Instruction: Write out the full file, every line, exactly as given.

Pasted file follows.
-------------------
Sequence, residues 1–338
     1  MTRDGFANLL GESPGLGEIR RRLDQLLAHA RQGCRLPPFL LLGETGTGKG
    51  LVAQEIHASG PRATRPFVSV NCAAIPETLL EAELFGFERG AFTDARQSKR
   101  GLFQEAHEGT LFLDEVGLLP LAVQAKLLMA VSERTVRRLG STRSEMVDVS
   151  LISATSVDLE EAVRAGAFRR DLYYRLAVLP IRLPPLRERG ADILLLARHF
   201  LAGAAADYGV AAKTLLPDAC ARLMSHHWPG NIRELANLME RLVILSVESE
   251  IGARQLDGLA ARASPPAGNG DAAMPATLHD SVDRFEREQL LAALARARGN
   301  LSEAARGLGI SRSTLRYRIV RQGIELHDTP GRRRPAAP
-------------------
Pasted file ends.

Sequence, residues 1–338
     1  MTRDGFANLL GESPGLGEIR RRLDQLLAHA RQGCRLPPFL LLGETGTGKG
    51  LVAQEIHASG PRATRPFVSV NCAAIPETLL EAELFGFERG AFTDARQSKR
   101  GLFQEAHEGT LFLDEVGLLP LAVQAKLLMA VSERTVRRLG STRSEMVDVS
   151  LISATSVDLE EAVRAGAFRR DLYYRLAVLP IRLPPLRERG ADILLLARHF
   201  LAGAAADYGV AAKTLLPDAC ARLMSHHWPG NIRELANLME RLVILSVESE
   251  IGARQLDGLA ARASPPAGNG DAAMPATLHD SVDRFEREQL LAALARARGN
   301  LSEAARGLGI SRSTLRYRIV RQGIELHDTP GRRRPAAP